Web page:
Click (2006)

Rated PG-13. Our ratings: V-2; L- 2; S/N-4. Running time: 1 hour 37 min.

How much better to get wisdom than gold!
To get understanding is to be chosen rather than silver.
Proverbs 16:16

Do not be deceived; God is not mocked, for you reap whatever you sow. 8If you sow to your own flesh, you will reap corruption from the flesh; but if you sow to the Spirit, you will reap eternal life from the Spirit.
Galatians 6:7-8

Click

Adam Sandler’s newest vehicle is a study in contrasts—some scenes are intensely moving, while others appeal to the gross taste of a 6th grade audience. Michael (Adam Sandler) is a talented architect obsessed with becoming a partner in his firm. Thus, though he tells his disappointed wife Donna (Kate Beckinsale) and children whenever he breaks this or that date with them that he is doing it for the good of the family, they find it difficult to believe him. Then one day when he has trouble finding the TV remote among the myriad of those on the table (there is one for the garage door, a toy car, and more), he sets forth to buy a universal remote.

He passes a Best Buy and goes into a Bed, Bath and Beyond Store to ask for a remote. Told they have none, he sees a door marked “Beyond” and goes through it. Turns out it is indeed beyond, way beyond. The room seems like a vast storehouse, and at the customer desk is Morty (Christopher Walken), working on an electronic device. He shows Michael the latest model in remotes, this one being a universe control, rather than just universal. Michael discovers that with a click he can raise and lower the voice level of people, even mute them. He can speed up the action so that minutes, hours, or days flash by. He can revisit the past, such as his birth and first kiss with Donna. Delighting in his newfound power, Michael uses the device in many situations, especially at his firm where he climbs the ladder of success to become a partner. There is one warning from Morty that Michael ignores at the time—you cannot return or get rid of the remote.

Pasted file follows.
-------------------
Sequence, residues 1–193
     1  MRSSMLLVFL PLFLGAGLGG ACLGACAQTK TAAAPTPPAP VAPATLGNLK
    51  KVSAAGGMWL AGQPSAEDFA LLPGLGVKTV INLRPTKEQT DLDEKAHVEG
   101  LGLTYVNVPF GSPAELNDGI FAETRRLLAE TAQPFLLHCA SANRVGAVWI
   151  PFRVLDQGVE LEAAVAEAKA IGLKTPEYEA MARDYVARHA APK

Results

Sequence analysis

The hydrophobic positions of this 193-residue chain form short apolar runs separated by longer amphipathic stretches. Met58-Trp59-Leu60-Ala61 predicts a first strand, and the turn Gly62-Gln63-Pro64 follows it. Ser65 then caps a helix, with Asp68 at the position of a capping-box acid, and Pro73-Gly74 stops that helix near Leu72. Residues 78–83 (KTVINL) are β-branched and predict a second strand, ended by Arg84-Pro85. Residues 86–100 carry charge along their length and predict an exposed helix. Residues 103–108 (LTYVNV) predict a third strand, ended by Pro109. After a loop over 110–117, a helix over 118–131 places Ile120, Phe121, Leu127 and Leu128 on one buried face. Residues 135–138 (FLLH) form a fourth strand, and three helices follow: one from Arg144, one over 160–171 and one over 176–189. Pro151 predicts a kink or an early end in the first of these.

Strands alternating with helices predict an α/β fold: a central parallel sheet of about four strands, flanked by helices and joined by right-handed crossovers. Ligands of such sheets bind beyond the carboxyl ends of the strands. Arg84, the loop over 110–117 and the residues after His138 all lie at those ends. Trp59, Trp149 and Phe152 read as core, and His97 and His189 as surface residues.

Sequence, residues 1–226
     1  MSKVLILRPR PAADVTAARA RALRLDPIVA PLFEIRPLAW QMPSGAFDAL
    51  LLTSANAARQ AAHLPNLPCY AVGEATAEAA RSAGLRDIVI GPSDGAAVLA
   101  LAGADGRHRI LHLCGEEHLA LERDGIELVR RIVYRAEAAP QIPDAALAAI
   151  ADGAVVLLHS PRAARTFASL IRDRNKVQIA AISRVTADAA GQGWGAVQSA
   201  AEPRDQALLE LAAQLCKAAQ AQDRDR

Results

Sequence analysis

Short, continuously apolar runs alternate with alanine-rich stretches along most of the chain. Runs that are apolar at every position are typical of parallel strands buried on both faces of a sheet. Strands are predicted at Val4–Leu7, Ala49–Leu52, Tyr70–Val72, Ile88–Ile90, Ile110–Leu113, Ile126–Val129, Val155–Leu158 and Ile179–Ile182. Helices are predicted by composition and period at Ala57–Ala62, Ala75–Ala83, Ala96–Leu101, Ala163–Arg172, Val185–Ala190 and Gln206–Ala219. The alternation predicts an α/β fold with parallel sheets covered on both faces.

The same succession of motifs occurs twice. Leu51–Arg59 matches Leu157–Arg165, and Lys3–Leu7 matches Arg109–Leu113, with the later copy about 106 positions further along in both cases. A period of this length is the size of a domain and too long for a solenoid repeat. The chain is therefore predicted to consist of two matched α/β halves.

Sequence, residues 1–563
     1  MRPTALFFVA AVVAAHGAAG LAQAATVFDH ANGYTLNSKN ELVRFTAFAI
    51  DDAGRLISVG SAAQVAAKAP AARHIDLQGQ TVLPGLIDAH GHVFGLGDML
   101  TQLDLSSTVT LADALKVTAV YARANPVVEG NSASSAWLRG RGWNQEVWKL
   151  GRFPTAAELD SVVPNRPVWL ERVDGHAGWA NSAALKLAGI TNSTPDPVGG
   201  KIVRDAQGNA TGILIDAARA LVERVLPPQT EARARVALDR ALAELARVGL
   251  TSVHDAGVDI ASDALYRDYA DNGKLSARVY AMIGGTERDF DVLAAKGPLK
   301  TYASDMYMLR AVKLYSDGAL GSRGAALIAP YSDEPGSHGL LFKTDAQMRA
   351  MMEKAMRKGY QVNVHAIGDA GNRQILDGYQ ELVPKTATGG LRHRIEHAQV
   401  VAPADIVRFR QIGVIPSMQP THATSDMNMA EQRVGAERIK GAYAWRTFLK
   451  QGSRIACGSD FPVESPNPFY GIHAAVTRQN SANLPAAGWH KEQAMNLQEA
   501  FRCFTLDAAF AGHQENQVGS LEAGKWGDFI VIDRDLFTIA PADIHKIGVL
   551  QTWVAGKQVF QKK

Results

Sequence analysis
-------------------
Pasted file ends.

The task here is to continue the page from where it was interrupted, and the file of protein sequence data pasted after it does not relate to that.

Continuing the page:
But wait, like all Mephistophelean deals, this one has a catch—that warning that the device is non-returnable and non-discardable. The remote has a stored memory of Michael’s preferences, and after a while automatically speeds up time so that Michael misses out on whole periods of his family’s life, including the death of his beloved father Ted (Henry Winkler). The mood of this part of the film becomes very somber, and moving, as, too late, Michael acquires the wisdom needed to discern what is truly valuable. Michael has sowed what he reaped, and the crop is anything but desirable. Despite some vulgar humor, and an ending that almost cops out on us, this is a film well worth a group’s time viewing and discussing

For Reflection/Discussion

Note: Because we must refer to the two endings of the film, you might want to wait before reading past the first few questions.

1) What is Michael like when we first see him? How is he like so many professionals who put their work above their family? What do such professionals miss out on? (Note to leader: If you can find a recording of Harry Chapin’s great cautionary song “Cat’s in the Cradle” have it playing as the group gathers.)

2) What power issues do you see in remote devices? How are these at their ultimate in Michael’s “universe” remote? It is interesting that he is an architect, a builder: how he is he similar to those who built the Tower of Babel?

3) How is this film similar, in regard to the issue of power and its unintended/unforeseen consequences, to Bruce Almighty?

4) Morty says to Michael about a leprechaun, “ He’s always chasing the pot of gold, but when he gets there, at the end of the day, it’s just corn flakes.” How does this apply to Michael and his dream of partnership?

5) When the film turned very serious during the last half, I was hoping that the filmmaker would not resort to the clichéd solution to resolve Michael’s dilemma. How did you feel when they did? Let down or cheated? How did what amounts to a second ending partially make up for their cop-out?